This playground honors George S. Goble, who ran an ice pond and icehouse in the Bronx during the 1860s. Adjacent to the playground is Macomb’s Road, named after the merchant and landowner, Alexander Macomb. In 1813, his son Robert Macomb erected a dam that held back the Harlem River at 160th Street. The construction enraged local residents since it blocked large boats sailing the river, and in 1838, a group of disgruntled Westchester farmers tore down the dam with axes.
Goble Playground is part of a long history of recreational parks in New York City. From 1865 to 1895, as the population of the City doubled and the streets teemed with children. Leading reformers lobbied for the creation of a new kind of small park for children — the playground. The earliest playgrounds, called “sand gardens,” appeared in the 1880s on the grounds of settlement houses. Furnished with innovative play equipment like seesaws, and staffed by trained recreation specialists, the playground was designed to be a “healthful influence upon morals and conduct.”
As Theodore Roosevelt (1858-1919), 26th U.S. President, and President of the Playground Association of America, wrote: “If we would have our citizens contented and law-abiding, we must not sow the seeds of discontent in childhood by denying children their birthright of play.” For these reformers, recreation was not an end in itself: it was directly linked to the preservation of social morality.
Groups such as the New York Society for Parks and Playgrounds formed to raise awareness of the importance of play to children's health. The Society organized parades of mothers and babies, planned public meetings to demonstrate the use of the seesaw, and opened its own playground on Second Avenue and 91st Street. In 1903, the first municipally run playground in the United States, Seward Park, opened on the Lower East Side.
During the Depression, federal aid through the Works Progress Administration enabled the City to greatly expand and improve its play spaces. Under the stewardship of Parks Commissioner Robert Moses (1888-1981), new playgrounds were constructed at an astonishing rate throughout the decade. Moses was able to employ more than 80,000 Parks employees, thanks primarily to the influx of money from the federal government for large public works projects.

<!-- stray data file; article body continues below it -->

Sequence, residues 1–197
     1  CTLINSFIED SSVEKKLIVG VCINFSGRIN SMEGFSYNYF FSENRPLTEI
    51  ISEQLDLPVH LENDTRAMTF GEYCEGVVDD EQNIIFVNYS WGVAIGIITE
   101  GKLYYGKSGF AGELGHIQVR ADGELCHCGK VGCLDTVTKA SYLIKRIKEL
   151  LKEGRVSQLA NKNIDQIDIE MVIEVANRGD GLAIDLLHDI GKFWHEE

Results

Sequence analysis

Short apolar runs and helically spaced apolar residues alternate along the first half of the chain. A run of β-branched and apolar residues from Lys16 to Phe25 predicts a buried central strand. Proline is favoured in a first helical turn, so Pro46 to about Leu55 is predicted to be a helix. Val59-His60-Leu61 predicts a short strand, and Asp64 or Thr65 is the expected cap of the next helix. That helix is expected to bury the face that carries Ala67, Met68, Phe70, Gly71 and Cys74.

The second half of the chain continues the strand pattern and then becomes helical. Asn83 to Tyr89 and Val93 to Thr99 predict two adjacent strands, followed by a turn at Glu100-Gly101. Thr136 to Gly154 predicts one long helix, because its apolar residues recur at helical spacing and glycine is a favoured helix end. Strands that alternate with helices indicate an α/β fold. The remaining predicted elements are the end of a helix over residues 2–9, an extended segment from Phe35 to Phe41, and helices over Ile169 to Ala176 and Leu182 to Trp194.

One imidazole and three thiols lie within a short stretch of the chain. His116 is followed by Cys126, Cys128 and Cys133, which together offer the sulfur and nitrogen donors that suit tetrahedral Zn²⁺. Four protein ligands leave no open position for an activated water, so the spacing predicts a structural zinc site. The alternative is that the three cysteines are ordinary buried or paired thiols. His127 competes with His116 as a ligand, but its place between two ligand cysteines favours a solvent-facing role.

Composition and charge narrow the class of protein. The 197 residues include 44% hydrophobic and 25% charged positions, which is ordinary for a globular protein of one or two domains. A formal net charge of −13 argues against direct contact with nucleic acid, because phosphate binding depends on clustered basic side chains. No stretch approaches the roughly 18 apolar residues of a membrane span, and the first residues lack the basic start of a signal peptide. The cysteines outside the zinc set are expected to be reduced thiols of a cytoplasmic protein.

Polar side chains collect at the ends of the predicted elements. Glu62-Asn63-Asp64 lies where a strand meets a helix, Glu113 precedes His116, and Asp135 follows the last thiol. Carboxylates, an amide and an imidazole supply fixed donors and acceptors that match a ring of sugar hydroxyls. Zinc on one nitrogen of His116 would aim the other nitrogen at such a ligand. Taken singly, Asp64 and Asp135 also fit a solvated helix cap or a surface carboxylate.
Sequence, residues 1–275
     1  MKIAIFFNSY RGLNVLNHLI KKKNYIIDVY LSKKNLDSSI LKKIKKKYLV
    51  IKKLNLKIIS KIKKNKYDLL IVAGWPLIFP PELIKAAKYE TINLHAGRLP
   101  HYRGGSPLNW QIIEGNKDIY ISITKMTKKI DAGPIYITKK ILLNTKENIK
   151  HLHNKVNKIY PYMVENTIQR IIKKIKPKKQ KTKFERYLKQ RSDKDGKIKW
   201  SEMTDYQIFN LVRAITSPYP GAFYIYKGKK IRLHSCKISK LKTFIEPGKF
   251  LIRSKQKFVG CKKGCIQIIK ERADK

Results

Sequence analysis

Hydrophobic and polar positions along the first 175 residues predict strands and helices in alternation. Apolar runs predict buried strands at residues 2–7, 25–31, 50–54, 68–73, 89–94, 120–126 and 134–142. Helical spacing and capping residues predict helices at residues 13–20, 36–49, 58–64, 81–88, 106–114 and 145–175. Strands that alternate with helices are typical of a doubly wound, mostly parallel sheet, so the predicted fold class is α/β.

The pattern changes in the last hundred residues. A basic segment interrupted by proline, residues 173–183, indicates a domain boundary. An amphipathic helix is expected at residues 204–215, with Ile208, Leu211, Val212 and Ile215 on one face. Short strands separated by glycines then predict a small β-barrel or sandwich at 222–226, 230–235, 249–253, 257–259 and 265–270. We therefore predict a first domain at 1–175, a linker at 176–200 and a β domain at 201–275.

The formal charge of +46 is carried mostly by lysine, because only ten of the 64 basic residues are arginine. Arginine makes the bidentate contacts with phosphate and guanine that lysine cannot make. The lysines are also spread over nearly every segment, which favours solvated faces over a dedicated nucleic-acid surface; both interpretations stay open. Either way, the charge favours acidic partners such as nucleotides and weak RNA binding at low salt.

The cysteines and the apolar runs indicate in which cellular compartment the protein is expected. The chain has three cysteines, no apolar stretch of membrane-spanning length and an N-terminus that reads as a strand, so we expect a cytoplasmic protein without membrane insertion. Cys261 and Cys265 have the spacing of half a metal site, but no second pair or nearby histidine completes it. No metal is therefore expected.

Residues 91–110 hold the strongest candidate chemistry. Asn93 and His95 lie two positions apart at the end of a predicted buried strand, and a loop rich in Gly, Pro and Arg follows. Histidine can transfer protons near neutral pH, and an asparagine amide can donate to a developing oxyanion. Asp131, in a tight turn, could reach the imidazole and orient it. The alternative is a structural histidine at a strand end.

When Moses took his post in 1934 there were only 119 playgrounds in New York City. By the end of Moses’s reign in 1960, there were 777. Typically these playgrounds were characterized by large asphalt-covered areas adorned with sandboxes, seesaws, metallic jungle gyms and monkey bars, swing sets, and slides. They were designed for the use of a wide age group, from small children to those in early adolescence.
Parks acquired the land for Goble Playground, at the southeast corner of Macombs Road and Goble Place, in two parts: the first section by purchase on October 20, 1936 and the second by condemnation on October 23, 1936. Commissioner Stern named the property Goble Playground on June 10, 1987. In December 1997, a $102,749 renovation sponsored by Mayor Giuliani was completed that added new play equipment, safety surfacing, handball courts, and landscaping.